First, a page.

Evaluation: This is another engaging standalone from Lippman: not an edge-of-your-seat thriller, but rather a thoughtful and provocative exploration of the messy nature of memories and ‘truth,” and the often serpentine roads that lead to justice.

Rating: 4/5

Published by William Morrow, an imprint of HarperCollins, 2016

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Review of “Shotgun Lovesongs” by Nickolas Butler

With beautiful prose and interesting characters, this book earns your affection almost immediately. If you’ve ever lived in a small town, you will probably feel like you “recognize” Little Wing, the book’s fictional town close to Eau Claire, Wisconsin. The story is centered on six friends in their early thirties – Henry and Beth Brown, Leland (Lee) Sutton, Ronny Taylor, and Kip and Felicia Cunningham, all of whom are anchored to Little Wing by a deep sense of place.


Lee is supposedly based in part on Justin Vernon, lead singer of the band Bon Iver, who came originally from Eau Claire where the author grew up. Lee, a successful folk-rock musician, has his biggest fans among his hometown friends, and it is in his hometown where he also finds his inspiration, as revealed by these poetic passages:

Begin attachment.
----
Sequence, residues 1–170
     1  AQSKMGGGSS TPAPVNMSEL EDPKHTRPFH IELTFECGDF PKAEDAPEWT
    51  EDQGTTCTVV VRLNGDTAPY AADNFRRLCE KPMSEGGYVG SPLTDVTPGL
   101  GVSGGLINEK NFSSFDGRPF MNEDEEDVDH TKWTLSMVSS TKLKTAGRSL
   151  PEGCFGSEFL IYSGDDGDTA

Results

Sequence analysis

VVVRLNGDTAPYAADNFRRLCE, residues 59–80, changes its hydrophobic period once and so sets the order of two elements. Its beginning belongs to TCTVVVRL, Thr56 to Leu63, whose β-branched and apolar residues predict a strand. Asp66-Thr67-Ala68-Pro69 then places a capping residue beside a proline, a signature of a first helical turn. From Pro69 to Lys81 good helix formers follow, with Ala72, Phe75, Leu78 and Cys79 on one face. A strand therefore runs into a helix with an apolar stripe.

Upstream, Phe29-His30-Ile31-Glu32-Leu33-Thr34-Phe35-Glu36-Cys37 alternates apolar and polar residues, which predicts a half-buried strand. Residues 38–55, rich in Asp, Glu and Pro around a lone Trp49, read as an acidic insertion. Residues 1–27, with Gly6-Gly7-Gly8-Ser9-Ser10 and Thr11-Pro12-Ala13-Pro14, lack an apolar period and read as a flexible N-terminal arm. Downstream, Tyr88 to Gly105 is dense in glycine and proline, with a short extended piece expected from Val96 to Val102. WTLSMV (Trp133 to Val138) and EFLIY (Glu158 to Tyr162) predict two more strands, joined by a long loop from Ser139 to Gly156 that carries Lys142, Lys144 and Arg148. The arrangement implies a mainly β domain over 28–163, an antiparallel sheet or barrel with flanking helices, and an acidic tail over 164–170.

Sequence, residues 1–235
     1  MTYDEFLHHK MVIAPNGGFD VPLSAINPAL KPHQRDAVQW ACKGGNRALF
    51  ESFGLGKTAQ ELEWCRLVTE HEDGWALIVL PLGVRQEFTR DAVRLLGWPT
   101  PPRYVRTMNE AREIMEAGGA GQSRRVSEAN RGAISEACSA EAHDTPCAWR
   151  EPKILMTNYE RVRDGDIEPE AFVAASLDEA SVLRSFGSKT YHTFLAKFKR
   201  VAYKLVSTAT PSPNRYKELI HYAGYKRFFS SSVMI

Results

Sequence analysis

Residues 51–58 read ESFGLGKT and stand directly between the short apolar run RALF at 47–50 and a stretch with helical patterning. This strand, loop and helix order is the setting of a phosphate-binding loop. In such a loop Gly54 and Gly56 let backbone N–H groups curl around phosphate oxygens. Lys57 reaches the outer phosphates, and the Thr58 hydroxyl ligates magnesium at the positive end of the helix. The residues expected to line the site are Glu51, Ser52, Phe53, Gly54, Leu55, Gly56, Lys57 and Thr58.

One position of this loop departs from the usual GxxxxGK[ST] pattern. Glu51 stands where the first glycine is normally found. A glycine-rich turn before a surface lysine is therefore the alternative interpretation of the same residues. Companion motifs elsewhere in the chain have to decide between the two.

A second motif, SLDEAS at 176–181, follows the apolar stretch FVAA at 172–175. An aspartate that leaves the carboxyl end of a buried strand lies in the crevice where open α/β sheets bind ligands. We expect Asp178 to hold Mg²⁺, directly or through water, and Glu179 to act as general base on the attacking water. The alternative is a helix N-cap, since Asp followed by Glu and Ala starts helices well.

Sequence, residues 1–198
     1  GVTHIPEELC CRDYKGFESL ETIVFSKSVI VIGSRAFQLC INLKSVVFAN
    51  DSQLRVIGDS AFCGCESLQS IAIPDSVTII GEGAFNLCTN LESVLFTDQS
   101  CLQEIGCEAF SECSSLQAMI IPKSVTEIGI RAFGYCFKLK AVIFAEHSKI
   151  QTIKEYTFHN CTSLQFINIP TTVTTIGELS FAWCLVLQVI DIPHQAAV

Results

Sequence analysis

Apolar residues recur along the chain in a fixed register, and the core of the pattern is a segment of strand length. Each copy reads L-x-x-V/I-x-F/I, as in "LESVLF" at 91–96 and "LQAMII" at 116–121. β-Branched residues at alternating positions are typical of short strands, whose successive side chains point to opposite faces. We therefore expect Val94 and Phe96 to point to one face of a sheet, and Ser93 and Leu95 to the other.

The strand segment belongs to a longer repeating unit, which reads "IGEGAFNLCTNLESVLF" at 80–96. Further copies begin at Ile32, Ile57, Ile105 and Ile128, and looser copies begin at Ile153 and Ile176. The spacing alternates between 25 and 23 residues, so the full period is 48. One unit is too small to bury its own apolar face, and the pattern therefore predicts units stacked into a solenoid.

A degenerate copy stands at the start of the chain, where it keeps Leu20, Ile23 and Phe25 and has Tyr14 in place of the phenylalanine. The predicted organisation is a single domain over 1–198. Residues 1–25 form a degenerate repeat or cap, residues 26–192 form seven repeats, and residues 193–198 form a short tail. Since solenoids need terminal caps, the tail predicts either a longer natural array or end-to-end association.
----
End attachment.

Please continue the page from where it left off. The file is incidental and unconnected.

“And in the fields as it is in the forests: the springtime prairie fires and tire fires and sit-spreaders slowly spraying the fields with rich, rich manure. Sandhill cranes and whooping cranes in the sky big as B-52s and all the other myriad birds come back home like returned mail, making the night sky loud as any good homecoming party. And then summer comes, the green coming in such profusions that you think maybe winter never even happened at all, never will come again. . . .”

. . .

“Late-night softball games at rural diamonds behind crossroads taverns where the sodium-nitrate lights bring in billions of bugs and moths … and in the backyards clothes pinned to lines snap in the cooling-down breezes that signal autumn’s arrival, that elegant season, that season of scarves and jackets, that season of harvest and open night windows and the best season for sleep.”